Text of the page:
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The drama over Dixie the Dinosaur continues.

The beloved 70-foot-tall, fiberglass statue is now wrapped up in a million-dollar civil lawsuit based around a "He said, she said" oral agreement and the property that the dismantled dino currently sits on.

If you don't know the backstory, Dixie was the brainchild of Tobacco store tycoon John Roscoe. The 15,000-pound dinosaur was flown in by helicopter and set along Interstate 80 near Dixon. Dixie was a marketing stunt for Roscoe's store called Cheaper.

In 1998, Dixie was relocated by helicopter, AGAIN, to another store in Benicia. Then in 2005, Roscoe sold his Benicia store, cut Dixie into five pieces and trucked the Dino to his 153-acre property in Fairfield.

This is where things get really complicated.

Roscoe got into some trouble with the FBI. In 2011, he plead guilty to making false statements to a bank and was ordered to pay $10.2 million in restitution.

In 2013, a couple by the name of Jesse and Cathy Marion acquired the property that Dixie currently lives. How this happened and the details having to do with Dixie are a little unclear. The lawsuit states that there was some kind of oral agreement between Roscoe and the Marions.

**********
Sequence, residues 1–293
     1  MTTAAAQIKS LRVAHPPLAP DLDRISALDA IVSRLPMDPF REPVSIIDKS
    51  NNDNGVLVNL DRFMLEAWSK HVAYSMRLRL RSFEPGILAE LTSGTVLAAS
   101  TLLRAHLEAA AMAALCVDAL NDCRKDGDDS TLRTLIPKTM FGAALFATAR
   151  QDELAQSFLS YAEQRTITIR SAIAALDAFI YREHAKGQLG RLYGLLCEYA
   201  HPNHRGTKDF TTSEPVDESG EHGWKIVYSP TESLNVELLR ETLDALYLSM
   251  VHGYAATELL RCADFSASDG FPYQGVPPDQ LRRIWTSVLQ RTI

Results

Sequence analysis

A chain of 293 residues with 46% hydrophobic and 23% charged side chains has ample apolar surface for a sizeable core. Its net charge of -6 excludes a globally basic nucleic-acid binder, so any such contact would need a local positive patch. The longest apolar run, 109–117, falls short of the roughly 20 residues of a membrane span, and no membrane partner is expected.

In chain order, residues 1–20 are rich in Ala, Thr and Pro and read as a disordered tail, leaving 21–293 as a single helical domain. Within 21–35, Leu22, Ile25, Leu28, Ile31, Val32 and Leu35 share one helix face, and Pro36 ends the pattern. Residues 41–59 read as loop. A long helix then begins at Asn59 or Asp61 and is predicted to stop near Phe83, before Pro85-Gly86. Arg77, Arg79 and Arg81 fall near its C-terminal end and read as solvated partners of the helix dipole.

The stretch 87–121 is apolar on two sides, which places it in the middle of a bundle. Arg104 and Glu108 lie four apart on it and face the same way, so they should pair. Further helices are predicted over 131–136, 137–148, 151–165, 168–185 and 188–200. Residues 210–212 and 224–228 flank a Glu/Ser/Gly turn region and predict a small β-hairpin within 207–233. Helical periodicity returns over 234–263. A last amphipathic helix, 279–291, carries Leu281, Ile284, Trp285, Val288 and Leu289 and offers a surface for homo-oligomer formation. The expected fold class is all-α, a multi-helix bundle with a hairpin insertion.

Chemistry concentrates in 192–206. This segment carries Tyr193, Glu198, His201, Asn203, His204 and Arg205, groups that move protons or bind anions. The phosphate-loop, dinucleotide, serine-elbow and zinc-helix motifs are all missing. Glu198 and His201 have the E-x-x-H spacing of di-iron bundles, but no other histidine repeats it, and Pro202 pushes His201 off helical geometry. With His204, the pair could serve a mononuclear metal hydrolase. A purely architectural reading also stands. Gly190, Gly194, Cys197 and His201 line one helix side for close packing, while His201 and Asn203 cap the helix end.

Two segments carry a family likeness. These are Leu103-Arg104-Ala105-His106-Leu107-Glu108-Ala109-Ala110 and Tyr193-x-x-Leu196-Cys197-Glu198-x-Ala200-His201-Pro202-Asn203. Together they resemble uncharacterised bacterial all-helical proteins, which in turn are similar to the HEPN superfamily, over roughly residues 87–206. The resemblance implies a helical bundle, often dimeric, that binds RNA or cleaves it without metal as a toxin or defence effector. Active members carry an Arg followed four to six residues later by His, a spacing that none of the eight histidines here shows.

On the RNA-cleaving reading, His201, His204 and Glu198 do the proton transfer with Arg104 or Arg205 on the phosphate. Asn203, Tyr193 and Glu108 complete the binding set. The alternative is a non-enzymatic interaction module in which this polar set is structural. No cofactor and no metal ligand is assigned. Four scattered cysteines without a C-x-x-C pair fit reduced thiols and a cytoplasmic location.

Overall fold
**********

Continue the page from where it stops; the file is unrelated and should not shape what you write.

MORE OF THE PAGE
The Marions filed a 21- page lawsuit against John Roscoe and his wife. The Marions are asking for more than a million dollars in damages and injunctive relief.

Once again, the lawsuit based around and oral agreement on the ownership of the Dixie.

According to the Marions, the original land deal allowed Roscoe and his wife to live on the property but, the ownership of the fiberglass animals (Roscoe had other fiberglass statues) would be transferred to the Marions.

According to the lawsuit, Roscoe has been living on the Marions property for five years rent free.

Roscoe invited ABC10 News to do a story on Dixie last April. After that story aired the City of Dixon voted to purchase the dinosaur from Roscoe for $25,000.

Dixon backed away from the deal after learning of the ownership dispute. The Marions filed the lawsuit against Roscoe on June 13, 2018. The complaint lists 11 different charges including fraud, breach of oral contract, trespassing and invasion of privacy.

We reached out to Mr. Roscoe for a comment on the lawsuit. Roscoe maintains that he is the owner of Dixie and says, "The court will sort this out."

The Marions are represented by Law office of Amber L. Kemble. We are still waiting for a comment from the Marions or their lawyer.

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